INDIANAPOLIS — The Indiana Court of Appeals upheld on Monday the conviction of an Anderson gang member for attempted murder in the beating of a rival gang member.
Ruben Rosales had appealed his conviction stemming from a June 2012 attack on Sergio Torres.
At the time, Rosales, then 19, was a member of the Latin Kings gang in Anderson, according to court documents. His girlfriend, Briana White, had run into problems with members of a rival gang known as Serrano 13. One of the Serrano 13 gang members was Torres, then 15.
On June 27, 2012, Torres went to a business near his home to buy a soft drink and chips. As he walked down an alley on his way home, three men including Rosales, drove a van behind Torres near the 600 block of East 27th Street.
One of those in the van, Donovan Ball, jumped out of the van. Torres felt a blow to his head and blacked out. He awoke on the ground and saw Rosales. Torres then saw Rosales and Ball run back to the van.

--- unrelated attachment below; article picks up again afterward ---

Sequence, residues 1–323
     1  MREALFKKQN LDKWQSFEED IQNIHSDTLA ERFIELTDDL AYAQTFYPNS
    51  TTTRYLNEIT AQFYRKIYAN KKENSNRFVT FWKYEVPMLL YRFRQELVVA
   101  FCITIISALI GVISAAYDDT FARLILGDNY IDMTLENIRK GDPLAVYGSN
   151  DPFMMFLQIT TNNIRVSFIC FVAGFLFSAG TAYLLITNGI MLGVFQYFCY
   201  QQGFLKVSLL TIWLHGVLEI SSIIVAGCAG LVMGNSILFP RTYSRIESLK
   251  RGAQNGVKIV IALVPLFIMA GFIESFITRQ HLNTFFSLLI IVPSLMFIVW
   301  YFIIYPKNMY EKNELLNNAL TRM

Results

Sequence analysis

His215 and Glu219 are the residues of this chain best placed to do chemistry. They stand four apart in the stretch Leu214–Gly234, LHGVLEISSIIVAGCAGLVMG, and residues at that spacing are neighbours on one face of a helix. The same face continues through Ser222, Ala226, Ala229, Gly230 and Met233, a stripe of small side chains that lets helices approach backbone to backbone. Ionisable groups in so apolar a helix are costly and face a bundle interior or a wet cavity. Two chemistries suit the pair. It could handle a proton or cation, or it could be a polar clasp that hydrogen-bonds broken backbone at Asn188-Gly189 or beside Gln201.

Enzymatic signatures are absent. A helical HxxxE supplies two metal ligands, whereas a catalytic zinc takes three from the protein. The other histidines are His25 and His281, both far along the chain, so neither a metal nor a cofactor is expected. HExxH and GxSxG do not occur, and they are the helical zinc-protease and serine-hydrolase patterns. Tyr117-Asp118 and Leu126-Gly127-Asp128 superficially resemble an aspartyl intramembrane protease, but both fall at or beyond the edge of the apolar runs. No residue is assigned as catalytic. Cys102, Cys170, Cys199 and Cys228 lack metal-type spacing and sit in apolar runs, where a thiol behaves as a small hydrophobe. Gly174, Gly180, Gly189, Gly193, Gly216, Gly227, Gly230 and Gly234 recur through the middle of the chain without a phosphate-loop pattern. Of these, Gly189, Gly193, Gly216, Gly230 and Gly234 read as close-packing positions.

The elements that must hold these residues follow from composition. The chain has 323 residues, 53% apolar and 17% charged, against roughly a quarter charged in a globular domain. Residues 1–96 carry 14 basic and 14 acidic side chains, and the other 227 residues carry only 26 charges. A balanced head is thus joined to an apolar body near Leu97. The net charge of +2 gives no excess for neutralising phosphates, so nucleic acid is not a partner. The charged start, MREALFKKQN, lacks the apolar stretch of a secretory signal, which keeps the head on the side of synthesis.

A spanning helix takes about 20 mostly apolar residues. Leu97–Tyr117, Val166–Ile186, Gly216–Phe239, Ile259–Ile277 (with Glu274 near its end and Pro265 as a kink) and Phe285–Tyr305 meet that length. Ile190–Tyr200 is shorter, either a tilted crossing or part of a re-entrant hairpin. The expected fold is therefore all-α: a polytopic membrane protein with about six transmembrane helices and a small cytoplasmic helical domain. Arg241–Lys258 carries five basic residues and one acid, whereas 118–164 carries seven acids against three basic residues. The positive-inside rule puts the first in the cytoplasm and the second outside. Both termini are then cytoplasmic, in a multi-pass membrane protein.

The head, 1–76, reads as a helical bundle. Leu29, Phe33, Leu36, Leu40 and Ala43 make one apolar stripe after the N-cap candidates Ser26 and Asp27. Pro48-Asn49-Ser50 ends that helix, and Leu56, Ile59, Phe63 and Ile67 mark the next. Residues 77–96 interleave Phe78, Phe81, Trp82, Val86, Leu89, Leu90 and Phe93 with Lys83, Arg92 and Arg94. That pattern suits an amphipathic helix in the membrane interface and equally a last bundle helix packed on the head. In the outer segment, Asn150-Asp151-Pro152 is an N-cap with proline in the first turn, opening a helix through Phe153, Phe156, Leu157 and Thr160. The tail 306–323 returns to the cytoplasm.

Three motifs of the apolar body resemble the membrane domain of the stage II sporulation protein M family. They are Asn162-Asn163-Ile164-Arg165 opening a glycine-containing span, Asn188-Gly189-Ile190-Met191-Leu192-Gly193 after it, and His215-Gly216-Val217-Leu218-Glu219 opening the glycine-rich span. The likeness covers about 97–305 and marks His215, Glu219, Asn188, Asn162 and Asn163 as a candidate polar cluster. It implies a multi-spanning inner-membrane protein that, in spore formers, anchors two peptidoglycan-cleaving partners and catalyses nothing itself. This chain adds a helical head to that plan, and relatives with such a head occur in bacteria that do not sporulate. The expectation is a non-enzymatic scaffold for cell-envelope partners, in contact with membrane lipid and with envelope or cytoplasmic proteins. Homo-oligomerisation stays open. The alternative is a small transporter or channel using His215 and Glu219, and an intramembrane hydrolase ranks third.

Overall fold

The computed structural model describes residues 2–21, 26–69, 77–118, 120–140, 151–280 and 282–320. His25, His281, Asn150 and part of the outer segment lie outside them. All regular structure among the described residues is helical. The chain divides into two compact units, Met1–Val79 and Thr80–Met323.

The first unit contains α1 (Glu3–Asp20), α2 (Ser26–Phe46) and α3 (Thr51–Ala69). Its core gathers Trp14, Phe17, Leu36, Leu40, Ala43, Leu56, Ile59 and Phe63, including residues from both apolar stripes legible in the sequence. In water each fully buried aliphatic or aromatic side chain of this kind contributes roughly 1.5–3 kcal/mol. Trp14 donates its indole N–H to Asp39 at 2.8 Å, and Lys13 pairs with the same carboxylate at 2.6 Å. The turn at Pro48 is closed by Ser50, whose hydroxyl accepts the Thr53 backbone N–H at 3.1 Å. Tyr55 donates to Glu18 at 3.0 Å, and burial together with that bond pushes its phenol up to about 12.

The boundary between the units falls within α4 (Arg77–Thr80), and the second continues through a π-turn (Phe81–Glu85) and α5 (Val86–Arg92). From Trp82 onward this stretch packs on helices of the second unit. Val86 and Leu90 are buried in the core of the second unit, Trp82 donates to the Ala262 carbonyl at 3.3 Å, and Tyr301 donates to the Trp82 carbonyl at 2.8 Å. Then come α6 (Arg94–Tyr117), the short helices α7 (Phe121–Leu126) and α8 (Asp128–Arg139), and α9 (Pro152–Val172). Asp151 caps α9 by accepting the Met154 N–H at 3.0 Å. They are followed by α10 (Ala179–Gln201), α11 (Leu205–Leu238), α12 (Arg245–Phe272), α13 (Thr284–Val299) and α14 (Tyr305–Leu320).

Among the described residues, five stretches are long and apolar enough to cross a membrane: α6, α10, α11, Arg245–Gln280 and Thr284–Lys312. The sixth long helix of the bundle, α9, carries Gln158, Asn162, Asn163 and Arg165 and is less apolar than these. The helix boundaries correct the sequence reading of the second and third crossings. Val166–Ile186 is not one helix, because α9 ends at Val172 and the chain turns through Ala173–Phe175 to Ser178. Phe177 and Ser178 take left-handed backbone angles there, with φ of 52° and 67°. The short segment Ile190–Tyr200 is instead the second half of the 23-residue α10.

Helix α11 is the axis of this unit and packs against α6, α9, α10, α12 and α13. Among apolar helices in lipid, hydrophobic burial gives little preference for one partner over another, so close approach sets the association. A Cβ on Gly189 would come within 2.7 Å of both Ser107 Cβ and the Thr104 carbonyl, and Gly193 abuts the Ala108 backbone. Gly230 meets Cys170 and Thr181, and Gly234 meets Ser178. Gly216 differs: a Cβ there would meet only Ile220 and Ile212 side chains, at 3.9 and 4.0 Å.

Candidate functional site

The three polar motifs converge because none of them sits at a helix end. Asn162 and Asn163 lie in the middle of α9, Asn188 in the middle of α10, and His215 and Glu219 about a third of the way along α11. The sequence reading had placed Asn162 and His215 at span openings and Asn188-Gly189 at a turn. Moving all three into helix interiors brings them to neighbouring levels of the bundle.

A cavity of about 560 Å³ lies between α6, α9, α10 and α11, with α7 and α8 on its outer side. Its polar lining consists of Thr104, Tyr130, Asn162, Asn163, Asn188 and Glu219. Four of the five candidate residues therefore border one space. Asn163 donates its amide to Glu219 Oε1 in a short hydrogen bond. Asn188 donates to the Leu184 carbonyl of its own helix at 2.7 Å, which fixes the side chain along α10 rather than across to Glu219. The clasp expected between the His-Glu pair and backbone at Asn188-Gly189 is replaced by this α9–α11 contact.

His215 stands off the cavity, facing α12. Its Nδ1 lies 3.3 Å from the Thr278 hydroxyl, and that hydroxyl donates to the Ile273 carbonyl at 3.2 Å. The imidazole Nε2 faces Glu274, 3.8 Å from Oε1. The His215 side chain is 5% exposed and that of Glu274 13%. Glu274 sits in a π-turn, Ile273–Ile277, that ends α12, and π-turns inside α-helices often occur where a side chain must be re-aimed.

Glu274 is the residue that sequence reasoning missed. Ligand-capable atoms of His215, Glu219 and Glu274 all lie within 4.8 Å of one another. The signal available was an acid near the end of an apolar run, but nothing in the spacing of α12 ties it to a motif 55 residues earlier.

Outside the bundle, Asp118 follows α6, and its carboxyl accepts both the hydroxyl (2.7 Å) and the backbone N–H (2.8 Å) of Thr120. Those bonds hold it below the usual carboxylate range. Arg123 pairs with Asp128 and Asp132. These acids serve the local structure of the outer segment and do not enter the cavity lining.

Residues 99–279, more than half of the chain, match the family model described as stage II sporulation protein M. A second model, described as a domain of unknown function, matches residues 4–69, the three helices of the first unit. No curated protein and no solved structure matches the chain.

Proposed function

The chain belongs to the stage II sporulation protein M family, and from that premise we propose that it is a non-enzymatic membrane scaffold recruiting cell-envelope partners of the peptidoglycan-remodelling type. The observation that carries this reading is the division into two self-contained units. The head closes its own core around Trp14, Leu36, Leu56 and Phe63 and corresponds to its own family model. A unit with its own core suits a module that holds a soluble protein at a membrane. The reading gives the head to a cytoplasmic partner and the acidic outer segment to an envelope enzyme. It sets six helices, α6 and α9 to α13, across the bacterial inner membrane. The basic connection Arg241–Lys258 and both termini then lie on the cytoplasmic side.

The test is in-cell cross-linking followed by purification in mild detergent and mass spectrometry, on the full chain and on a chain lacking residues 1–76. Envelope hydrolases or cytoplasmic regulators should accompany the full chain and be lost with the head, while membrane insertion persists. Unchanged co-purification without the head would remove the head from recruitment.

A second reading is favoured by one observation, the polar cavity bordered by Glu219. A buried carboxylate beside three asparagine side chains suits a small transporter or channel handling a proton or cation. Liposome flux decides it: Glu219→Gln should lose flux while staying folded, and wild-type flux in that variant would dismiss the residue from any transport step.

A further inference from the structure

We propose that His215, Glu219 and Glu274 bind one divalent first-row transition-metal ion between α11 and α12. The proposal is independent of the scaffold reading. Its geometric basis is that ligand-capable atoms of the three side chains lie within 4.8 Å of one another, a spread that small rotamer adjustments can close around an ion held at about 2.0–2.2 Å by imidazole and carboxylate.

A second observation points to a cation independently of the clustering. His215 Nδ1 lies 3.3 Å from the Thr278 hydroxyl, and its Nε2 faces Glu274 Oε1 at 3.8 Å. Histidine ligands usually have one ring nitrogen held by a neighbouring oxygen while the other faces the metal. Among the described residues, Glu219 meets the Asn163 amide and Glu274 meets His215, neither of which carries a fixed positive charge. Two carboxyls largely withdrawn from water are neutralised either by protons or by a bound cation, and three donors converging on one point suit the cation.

Torres was diagnosed with life-threatening injuries to the head including skull fractures, a subdural hematoma and bleeding in the brain.
The day after the attack, Rosales told his aunt he had to go to Chicago and she bought him a bus ticket. However, the aunt found out why he was heading to Chicago and she called police who arrested Rosales at the bus station in Indianapolis.
On July 5, Rosales was charged with attempted murder, a Class A felony, and participating in a criminal gang, a Class D felony. The jury was instructed on the attempted murder count as well as explaining "accomplice liability" as "an accomplice is liable for the acts of the principal which, even if not a part of their original plan, are probable and natural consequences thereof."
A Madison Circuit Court jury in Judge Thomas Newman's court found Rosales guilty of attempted murder. He was sentenced to 50 years in prison.
Rosales appealed the verdict, in part, saying the court erred when the jury was told about accomplice liability.
The appeals court said there was more than sufficient evidence to show Rosales was the principal person involved in the attack. The appeals court also said that jury instructions are left to the "sound discretion of the court." Justices affirmed the conviction.
In a dissenting opinion, Judge Terry Crone said the court erred in instructing the jury on accomplice liability and that the jury should have been informed that an accomplice to attempted murder must act with the specific intent to kill.
Of the others convicted in the attack, Donovan Ball received a 50-year sentence and Rivera, who was the third man in the attack, received a 20-year sentence.